Convicted Insurance - Can my Insurer Find out if I Have a Criminal Record?

07 March 2013

The short answer is yes. And they will, but they may not check until you actually come to make a claim. In which case, if they discover that you have unspent convictions (if you have not fully discharged your rehabilitation period), then your insurance policy may become void because you failed to declare them when the policy started.

Criminal convictions and your insurance

It is the job of the insurance company underwriter to calculate risk, and if you do not mention your criminal record when asked, you run the risk of paying towards a policy that you will never see any benefit from. But the Catch-22 is that most insurance companies do not want to insure ex-offenders and so home insurance with convictions is sometimes difficult to obtain.

Unspent criminal convictions

Unspent convictions will always have to be disclosed to your insurer, but spent convictions do not have to be disclosed. If you do disclose a spent conviction to an insurer, they are required to disregard this and will not be able to take it into account when calculating your premium.

Relevant or irrelevant

Whether you think your conviction is relevant to your insurance or not, you will still be required to disclose it. Insurers use a variety of factors to assess risk, and it is up to them to determine to what degree (if any) your conviction might affect your policy. In the eyes of the law, you have a duty to "disclose material facts". Regardless of whether or not you are asked about your record, because unspent convictions are regarded as material facts, you will always have to declare it to your insurer.

What if I took insurance out in my partner's name?

You cannot dodge the need to declare. Taking out a policy in a partner's name will not allow you to avoid disclosure, as it does not negate the material fact. Even if you are living in someone else's household, or if you have someone with a criminal record living in yours, you are still required to provide information to the insurer.

Failure to disclose

Failure to disclose your unspent convictions when obtaining insurance can have extremely serious consequences. Firstly (as stated above) your insurer will not be obliged to pay out in the event of a claim, nor will you be entitled to the return of any payments that you have made. These rules also apply to homeowners who have someone with undisclosed/unspent convictions living in their household. Because an omission of disclosure is in breach of the law, you would also be exposed to prosecution for attempted fraud.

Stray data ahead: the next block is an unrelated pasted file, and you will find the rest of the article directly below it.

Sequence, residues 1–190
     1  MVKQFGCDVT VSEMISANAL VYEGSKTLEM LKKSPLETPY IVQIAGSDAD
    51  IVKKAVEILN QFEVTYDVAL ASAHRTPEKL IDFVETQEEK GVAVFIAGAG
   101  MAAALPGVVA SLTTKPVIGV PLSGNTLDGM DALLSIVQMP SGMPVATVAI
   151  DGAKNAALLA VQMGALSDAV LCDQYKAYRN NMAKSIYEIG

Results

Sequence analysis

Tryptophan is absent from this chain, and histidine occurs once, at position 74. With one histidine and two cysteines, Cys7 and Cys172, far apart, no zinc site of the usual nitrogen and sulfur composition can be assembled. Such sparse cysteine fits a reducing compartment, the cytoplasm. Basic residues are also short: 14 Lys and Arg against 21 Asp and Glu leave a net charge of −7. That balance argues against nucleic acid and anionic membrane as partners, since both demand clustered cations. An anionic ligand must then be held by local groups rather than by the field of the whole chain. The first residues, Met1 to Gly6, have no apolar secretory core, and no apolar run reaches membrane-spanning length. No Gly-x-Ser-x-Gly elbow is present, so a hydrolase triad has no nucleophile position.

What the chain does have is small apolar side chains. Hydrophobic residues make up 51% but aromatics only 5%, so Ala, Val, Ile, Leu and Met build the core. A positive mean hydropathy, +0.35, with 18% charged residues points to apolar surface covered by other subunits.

Insurance

It is sadly true that many insurance companies will reject your application if you have unspent criminal convictions, simply because you don't fit their preferred customer profile. With HomeProtect you can obtain an immediate online home insurance quote, regardless of any outstanding criminal convictions you (or anyone in your household) might hold. We are proud to be working in association with the independent charity UNLOCK, the National Association of Reformed Offenders, toward developing access to fair insurance for people with criminal convictions.

Find out more about the UNLOCK insurance guide for ex-offenders with unspent criminal convictions.

 

Article created by HomeProtect -Editor: Elisabeth Soffe

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Find out how we've helped other ex-offenders

At HomeProtect we are committed to helping people with convictions buy the home insurance cover they need to protect their property and their possessions. Find out more about how we've helped other customers with unspent convictions by clicking on the links to the right.

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Find out what you need here

What do insurers need to know when you have a conviction? What does non-disclosure mean? What is a material fact? How does probation work?

All these questions and more are answered in our insurance and convictions article directory, a taster of which can be found in the links to the right.

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The Web is a vast pool of information a lot of which is fantastically useful and a lot of which is absolutely terrible. We've identified a number of authoritative websites which contain really useful information about insurance and convictions.

For a sample of these, browse through the list of links to the right.